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JohnBarleycorn

After Age 60: Is it possible to learn to Read and Speak Thai? And, Is it Worth the Effort?

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Posted (edited)

@JohnBarleycorn

 

Sorry to burst your bubble but I don't think most foreigners whose native language is Indo-European can speak Thai language fluently if they begin to study Thai after 50 years old.

 

The Thai language is too different from Indo-European languages.

 

I don't deny that many foreigners can speak elementary Thai such as ordering food and asking what time of day etc, but if you were to converse at an intermediate level to a native Thai person, many couldn't understand you.

 

I have heard so many stories from people who learned Thai for a year with good 'compliments' from Thai teacher but when they go out to the real world, the reality sets in.

 

 

 

Edited by EricTh
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On 6/3/2020 at 6:37 AM, cmarshall said:

Is ignorance ever better than knowledge? 

 

I started learning Thai at age 60 on my own in the States.  I have continued to study here in Thailand, first at the Intensive Thai program at Chulalongkorn U and subsequently one-on-one at Sumaa Institute.  Yesterday, for example, I had a three-hour online session with my teacher in which we talked about politics, the current situation in the US, the performance of several countries in controlling Covid, Thai expressions, etc.  I was able to express my thoughts throughout, sometimes fluently, sometimes groping for specialist vocabulary.  My teacher taught me several new expressions, which is a current focus of mine: ราดน้ำมันเข้ากองไฟ, หน้าไหว้หลังหลอก (an indispensable phrase which I had learned, but forgotten), and ปล่อยไปตามยถากรรม, discussion of which helped refine my understanding of the niceties of the Thai concept of karma.

 

I am just finishing reading Tongchai Winichakul's "Siam Mapped" in Thai with my teacher which has enriched the academic Thai in my Anki deck.

 

But the frustrations haven't stopped, of course.  The handymen in my building speak with a strong Isaan accent, very clipped.  I can hardly make out a word they say.

 

My Anki deck has 14,271 cards of which I can probably recognize 60% to 70% and cold recall somewhat fewer.  But from Anki I also learned to touch-type Thai nearly as fast as English, which helps a great deal with remembering Thai spellings.  However, I am not fully satisfied with my retention rate with Anki and plan to add memory palace techniques for the stubborn words.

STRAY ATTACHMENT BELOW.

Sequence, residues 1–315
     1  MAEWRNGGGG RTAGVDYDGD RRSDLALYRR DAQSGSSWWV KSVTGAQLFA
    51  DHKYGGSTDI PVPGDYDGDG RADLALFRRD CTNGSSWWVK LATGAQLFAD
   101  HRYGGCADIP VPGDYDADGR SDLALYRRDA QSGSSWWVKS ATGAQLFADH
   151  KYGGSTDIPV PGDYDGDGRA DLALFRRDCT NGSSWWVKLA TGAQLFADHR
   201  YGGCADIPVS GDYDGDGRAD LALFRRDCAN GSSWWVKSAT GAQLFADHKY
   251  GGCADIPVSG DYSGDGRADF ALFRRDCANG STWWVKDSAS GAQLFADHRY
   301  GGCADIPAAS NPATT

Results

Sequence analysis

Language study is a very fair enterprise.  The more you put in, the more you get out.  

 

In my opinion the best thing about Thailand is the Thai language.  It's too bad so many expats miss out on its unique pleasures.

Impressive! Puts me to shame -  I rarely read Thai. 

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On 6/5/2020 at 10:53 AM, seajae said:

as much as I would love to be able to converse in Thai as well as read it I have a major memory problem that stops me from doing so. while I know a few words and numbers my memory fades rapidly even with english at times. I have sat down and studied thai for many hours  till words etc can be remembered/spoken but after going to bed of a night when I wake up the next day none of it is retained at all and its back to square one. Makes it very hard for me but fortunately I dont mind others speaking in thai around me, just dissapointed I cant join in, imagine there are several others like this as well

I find that now I forget some English words, quite embarrassing sometimes. 

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On 6/4/2020 at 3:58 PM, talahtnut said:

Understanding the lingo spoils the fun

for Thai gals.

My mate said everytime he walked past a

particular group of gals the say 'moo'. and

giggle.

I told him that's good, means they like you.

I disagree; if I understand your statement correctly. Learning Thai is great, obviously for meeting girls, or guys. 

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9 hours ago, Neeranam said:

I find that now I forget some English words, quite embarrassing sometimes. 

It's known that learning a second language makes the tip-of-the-tongue experience worse!  However, bilingualism may also delay the onset of dementia by as much as five years.